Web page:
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In 1990 Albania ended 44 years of xenophobic communist rule and established a multiparty democracy. The transition has proven difficult as corrupt governments have tried to deal with high unemployment, a dilapidated infrastructure, widespread gangsterism, and disruptive political opponents. International observers judged local elections in 2000 to be acceptable and a step toward democratic development, but serious deficiencies remain to be corrected before the 2001 parliamentary elections.

Update No: 063 - (23/07/02)

Albania has elected a new president. The post is largely ceremonial. But this time the choice is significant, both for who was the chosen and how he was elected.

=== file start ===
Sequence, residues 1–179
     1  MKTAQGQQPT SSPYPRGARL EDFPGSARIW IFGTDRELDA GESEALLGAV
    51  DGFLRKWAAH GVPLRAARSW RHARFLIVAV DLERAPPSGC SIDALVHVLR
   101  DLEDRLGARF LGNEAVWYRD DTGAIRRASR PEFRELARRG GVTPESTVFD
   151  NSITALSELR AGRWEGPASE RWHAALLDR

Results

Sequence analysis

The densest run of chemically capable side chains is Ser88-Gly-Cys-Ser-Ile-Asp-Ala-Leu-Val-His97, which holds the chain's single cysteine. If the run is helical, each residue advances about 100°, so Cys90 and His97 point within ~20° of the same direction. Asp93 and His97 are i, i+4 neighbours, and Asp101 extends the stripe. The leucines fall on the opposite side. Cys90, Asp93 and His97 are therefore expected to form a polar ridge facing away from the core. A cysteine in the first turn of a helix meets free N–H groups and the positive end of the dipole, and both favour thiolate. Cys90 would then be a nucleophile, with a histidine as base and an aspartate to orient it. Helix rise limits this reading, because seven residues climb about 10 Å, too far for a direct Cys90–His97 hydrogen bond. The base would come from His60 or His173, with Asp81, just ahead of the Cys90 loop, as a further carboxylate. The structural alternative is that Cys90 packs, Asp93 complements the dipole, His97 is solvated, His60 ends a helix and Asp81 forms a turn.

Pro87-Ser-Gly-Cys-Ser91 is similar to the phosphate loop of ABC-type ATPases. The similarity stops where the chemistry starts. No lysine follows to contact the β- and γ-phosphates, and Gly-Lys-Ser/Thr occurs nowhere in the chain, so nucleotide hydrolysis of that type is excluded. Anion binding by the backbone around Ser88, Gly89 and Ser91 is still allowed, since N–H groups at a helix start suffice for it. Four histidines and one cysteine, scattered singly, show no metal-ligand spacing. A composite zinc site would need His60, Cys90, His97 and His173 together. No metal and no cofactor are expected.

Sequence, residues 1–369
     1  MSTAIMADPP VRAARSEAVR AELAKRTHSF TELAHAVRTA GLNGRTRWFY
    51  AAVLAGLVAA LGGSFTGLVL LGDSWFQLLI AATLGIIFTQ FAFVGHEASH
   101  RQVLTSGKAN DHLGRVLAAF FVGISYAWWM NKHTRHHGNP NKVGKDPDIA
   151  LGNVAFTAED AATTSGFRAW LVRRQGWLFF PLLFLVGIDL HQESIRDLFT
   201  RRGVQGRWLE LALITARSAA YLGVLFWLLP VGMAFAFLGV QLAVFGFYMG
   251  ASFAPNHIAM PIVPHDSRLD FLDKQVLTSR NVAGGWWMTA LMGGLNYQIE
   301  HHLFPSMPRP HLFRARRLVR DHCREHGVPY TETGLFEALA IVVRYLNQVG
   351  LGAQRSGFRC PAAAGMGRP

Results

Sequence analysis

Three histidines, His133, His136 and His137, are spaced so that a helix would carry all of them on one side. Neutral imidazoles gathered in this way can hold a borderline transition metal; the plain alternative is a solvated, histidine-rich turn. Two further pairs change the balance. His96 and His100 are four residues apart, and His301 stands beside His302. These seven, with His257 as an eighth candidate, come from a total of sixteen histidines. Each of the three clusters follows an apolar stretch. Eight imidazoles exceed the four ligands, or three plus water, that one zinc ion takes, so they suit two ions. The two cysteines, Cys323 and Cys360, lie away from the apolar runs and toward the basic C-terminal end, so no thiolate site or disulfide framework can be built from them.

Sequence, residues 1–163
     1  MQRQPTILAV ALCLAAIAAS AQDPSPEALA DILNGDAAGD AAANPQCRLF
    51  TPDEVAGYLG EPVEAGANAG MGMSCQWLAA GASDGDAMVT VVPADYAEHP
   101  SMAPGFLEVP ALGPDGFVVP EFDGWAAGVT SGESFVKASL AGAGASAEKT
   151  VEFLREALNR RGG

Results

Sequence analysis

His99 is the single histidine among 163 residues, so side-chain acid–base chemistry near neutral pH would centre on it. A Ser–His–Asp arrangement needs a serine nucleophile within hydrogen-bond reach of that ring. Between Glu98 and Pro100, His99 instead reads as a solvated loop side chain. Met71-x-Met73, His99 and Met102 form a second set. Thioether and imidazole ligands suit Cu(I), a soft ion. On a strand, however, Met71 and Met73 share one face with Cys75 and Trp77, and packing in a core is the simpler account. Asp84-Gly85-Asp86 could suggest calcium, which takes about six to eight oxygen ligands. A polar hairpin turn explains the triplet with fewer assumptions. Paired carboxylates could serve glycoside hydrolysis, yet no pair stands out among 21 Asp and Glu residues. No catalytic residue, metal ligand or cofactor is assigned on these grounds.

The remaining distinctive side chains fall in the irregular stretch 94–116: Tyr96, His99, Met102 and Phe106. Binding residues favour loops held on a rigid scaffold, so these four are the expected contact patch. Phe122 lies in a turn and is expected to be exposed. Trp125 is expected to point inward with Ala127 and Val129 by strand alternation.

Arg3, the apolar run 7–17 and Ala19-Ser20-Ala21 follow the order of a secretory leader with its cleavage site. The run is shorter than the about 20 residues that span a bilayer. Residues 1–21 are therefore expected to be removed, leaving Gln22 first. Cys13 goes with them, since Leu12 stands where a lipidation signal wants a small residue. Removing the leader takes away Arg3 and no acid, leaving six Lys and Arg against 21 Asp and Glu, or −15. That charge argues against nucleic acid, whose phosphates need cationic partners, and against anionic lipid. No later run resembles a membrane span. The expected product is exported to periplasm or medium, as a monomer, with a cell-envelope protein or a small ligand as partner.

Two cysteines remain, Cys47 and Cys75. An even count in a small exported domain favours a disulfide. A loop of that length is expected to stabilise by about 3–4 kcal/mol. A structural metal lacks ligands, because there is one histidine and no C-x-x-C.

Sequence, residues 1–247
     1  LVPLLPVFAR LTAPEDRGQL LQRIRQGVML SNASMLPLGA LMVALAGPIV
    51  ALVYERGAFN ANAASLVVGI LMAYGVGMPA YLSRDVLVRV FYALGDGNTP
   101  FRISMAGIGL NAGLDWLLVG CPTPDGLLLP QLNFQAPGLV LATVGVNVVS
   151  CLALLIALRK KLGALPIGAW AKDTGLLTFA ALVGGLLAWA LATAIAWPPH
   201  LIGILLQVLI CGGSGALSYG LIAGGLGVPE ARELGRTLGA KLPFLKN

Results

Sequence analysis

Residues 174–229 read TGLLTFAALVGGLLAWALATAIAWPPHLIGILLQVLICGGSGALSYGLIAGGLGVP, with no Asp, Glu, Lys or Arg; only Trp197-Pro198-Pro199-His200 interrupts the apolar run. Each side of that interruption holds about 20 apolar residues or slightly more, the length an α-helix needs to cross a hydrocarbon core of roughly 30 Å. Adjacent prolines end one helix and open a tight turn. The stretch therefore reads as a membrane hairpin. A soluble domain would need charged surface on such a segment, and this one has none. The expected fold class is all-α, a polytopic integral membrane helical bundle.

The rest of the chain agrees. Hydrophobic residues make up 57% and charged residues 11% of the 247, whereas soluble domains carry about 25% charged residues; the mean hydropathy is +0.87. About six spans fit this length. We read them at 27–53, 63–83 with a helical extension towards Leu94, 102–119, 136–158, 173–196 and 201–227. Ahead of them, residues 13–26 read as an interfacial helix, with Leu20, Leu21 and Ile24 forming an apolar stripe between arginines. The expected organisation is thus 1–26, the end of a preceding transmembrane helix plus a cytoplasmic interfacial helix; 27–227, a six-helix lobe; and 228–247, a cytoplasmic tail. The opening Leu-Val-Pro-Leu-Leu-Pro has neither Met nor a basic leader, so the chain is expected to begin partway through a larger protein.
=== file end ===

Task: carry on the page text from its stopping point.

Bipartisan president
The two main parties, who have been at loggerheads for over ten years, agreed to bury the hatchet in the presidential poll in parliament. The ruling Socialists and opposition conservative Democrats jointly supported the retired general and former defence minister, Alfred Moisiu, who is 74. He has been active in promoting the reforms required for Albania to be ready to join NATO. To choose him is a diplomatic act in itself, which NATO will duly note.
Of the 134 members of parliament present at the vote in mid-June, 97 voted for him, 19 against and 14 abstained, with four spoilt ballots. Moisiu's term of office is five years.
The smooth vote was the result of what is seen as an historic compromise between ruling Socialist Party Leader, Fatos Nano, and opposition Democratic Party head, Sali Berisha.
A tussle for the presidency has dominated Albanian politics in the last year, fuelling power struggles among the Socialists, bringing down Prime Minister Ilir Meta's government and delaying important privatisations and other reforms. Nano's desire to fill the post himself split his party, and Berisha had insisted on someone from the opposition as a compensation for an election last year that he says was rigged.